Pro-Russian separatists have stormed the regional administration’s headquarters in the eastern Ukrainian city of Luhansk.
A few dozen men, some reportedly armed with metal bars, smashed windows and doors to break into the building.
Activists shouting “Referendum Russia” later flew a Russian flag over it.
Earlier, Russia criticized sanctions imposed by the US and EU on individuals and companies over their alleged actions aimed at destabilizing Ukraine.
Deputy Foreign Minister Sergei Ryabkov said the US had “essentially lowered an <<Iron Curtain>>” by targeting Russia’s high-tech sector.
The EU, he added, had proved that it was “under Washington’s thumb”.
Russia’s Deputy PM Dmitry Rogozin meanwhile warned that if the sanctions affected its rocket-building sector, US astronauts on the International Space Station (ISS) might be “exposed”.
Sergei Ryabkov also stressed that Russia had no intention of invading eastern Ukraine, where pro-Russia activists have seized government buildings in more than a dozen towns and cities.
Until now, only the local office of the State Security Service (SBU) in Luhansk, a city of 465,000 people less than 20 miles from the Russian border, had been targeted.
But on Tuesday afternoon, hundreds of people gathered outside the headquarters of the regional government to demand a referendum on granting greater autonomy to the east.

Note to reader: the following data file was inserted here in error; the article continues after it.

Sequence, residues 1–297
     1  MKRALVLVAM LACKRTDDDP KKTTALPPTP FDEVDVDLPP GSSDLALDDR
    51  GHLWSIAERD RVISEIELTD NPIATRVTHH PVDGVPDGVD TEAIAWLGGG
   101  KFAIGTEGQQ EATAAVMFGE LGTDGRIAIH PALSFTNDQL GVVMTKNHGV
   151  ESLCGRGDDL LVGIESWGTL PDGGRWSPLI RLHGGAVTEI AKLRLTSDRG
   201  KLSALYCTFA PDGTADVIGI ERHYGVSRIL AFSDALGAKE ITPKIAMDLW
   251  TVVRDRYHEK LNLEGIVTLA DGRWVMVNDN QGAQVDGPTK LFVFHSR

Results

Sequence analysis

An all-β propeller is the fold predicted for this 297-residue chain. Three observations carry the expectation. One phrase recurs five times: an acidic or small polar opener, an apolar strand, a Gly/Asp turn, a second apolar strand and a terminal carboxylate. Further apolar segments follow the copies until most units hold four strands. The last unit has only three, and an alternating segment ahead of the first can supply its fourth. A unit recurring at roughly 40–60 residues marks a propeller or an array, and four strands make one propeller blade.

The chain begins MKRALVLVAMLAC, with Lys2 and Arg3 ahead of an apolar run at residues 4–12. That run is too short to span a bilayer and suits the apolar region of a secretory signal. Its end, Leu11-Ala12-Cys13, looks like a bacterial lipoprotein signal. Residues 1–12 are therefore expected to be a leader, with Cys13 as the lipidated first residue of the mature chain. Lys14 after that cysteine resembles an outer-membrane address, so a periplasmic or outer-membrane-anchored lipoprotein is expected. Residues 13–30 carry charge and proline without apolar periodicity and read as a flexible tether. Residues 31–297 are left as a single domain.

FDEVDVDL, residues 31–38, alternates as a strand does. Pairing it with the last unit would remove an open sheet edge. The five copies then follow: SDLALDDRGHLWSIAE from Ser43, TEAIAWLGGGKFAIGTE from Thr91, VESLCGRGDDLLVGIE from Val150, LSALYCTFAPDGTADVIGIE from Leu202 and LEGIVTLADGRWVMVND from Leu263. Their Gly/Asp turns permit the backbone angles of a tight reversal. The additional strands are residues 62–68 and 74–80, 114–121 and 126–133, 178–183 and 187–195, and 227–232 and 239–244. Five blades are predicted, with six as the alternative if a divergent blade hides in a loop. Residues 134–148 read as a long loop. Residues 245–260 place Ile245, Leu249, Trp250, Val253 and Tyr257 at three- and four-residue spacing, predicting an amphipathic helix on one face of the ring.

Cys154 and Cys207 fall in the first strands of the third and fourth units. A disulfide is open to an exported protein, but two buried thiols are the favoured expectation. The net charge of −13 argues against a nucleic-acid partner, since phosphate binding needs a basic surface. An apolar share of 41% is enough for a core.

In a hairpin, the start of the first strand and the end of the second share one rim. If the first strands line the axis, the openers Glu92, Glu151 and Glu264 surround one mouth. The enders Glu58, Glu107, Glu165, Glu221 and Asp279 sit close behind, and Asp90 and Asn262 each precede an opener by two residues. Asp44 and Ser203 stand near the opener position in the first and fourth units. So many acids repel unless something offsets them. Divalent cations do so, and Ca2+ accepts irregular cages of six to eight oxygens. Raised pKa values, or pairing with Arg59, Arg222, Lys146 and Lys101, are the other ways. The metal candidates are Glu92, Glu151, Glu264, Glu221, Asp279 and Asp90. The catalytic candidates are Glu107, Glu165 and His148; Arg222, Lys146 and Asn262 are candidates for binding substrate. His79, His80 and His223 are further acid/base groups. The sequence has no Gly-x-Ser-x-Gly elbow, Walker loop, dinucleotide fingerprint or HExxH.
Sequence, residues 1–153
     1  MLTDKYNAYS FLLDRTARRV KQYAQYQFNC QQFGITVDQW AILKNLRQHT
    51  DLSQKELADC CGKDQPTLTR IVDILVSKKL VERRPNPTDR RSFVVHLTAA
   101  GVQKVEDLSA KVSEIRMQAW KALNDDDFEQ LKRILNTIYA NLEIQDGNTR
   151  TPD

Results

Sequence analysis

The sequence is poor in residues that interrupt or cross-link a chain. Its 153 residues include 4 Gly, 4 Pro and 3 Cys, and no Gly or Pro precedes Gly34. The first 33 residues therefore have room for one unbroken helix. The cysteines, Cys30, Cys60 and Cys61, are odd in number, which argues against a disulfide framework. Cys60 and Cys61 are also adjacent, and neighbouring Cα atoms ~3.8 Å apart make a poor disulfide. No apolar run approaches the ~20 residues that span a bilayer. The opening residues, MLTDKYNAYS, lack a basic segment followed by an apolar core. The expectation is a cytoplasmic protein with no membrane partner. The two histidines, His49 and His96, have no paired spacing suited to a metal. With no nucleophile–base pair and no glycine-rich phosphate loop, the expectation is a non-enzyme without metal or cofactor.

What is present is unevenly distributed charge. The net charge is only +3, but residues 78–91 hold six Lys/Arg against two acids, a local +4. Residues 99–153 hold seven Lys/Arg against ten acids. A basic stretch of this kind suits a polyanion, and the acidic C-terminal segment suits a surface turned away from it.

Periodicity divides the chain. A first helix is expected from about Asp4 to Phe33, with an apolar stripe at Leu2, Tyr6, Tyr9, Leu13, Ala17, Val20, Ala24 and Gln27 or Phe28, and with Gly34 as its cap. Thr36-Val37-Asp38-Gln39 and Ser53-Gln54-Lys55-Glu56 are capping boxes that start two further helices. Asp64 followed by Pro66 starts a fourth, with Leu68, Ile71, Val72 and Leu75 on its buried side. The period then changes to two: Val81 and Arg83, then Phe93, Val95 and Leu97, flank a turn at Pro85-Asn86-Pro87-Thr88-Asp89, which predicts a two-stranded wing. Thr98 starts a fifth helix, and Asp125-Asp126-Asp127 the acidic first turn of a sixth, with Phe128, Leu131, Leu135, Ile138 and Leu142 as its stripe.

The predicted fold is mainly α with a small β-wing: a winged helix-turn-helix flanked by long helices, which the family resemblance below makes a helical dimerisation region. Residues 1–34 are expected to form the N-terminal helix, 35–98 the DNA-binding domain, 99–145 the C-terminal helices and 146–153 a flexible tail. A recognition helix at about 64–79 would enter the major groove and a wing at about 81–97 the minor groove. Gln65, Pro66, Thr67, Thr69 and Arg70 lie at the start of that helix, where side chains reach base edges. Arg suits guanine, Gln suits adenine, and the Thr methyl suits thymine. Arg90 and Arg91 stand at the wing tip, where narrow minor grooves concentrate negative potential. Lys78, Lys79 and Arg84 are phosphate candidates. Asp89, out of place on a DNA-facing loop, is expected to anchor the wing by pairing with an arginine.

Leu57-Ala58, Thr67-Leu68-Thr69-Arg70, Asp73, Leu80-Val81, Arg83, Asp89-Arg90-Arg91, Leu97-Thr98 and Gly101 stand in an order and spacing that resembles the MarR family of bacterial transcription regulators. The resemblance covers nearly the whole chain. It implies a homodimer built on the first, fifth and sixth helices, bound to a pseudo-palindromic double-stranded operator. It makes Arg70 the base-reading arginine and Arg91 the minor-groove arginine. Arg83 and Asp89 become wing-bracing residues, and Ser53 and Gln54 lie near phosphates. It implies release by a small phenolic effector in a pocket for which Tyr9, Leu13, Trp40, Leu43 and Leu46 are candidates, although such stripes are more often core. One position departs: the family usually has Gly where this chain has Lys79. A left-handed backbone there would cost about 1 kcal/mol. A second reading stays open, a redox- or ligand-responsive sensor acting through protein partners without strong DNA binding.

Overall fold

A group of men armed with sticks and metal bars broke into the building, whose entrances were not protected by police. They then pulled down the Ukrainian flag flying from the roof and replaced it with a Russian one, and opened the main entrance to the crowd.
Inside the building’s courtyard, they found security personnel in riot gear massed in a defensive position. There was a stand-off, but no violence.
“The regional leadership does not control its police force,” Stanislav Rechynsky, an aide to the interior minister in Kiev, told Reuters news agency.
“The local police did nothing.”
Stanislav Rechynsky added that the government had information to suggest that the separatists would now seize the local television centre.
Eastern Ukraine, which has a large Russian-speaking population, was a stronghold for former President Viktor Yanukovych before he was overthrown by protesters in February.
The interim government has rejected the pro-Russian activists’ demands for greater autonomy, fearing they could lead to the break-up of the country or more regions being annexed by Russia, as happened with Crimea last month.
Pro-Russian activists continue to detain some 40 people, including seven military observers linked to the Organization for Security and Co-operation in Europe (OSCE) seized last week.
The self-styled “mayor” of the town of Sloviansk, where the observers are being held, has said he will discuss their release only if the EU drops sanctions against separatist leaders.
On Tuesday, the EU published a fresh list of 15 individuals facing travel banks and asset freezes.
It included General Valery Gerasimov, chief of the Russian General Staff, and Lt. Gen. Igor Sergun, identified as the head of the Russian military intelligence agency, the GRU.
Russian Deputy PM Dmitry Kozak and pro-Russian separatist leaders in Crimea and in Luhansk and Donetsk were also named.
On Monday, the US announced sanctions against seven individuals and 17 companies it said were linked to President Vladimir Putin’s “inner circle”.
The US and EU first imposed visa bans and asset freezes on a number of senior Russian officials and companies after Crimea was annexed.
US Treasury Secretary Jack Lew said the sanctions had so far caused “a quite substantial deterioration in Russia’s already weak economy”.
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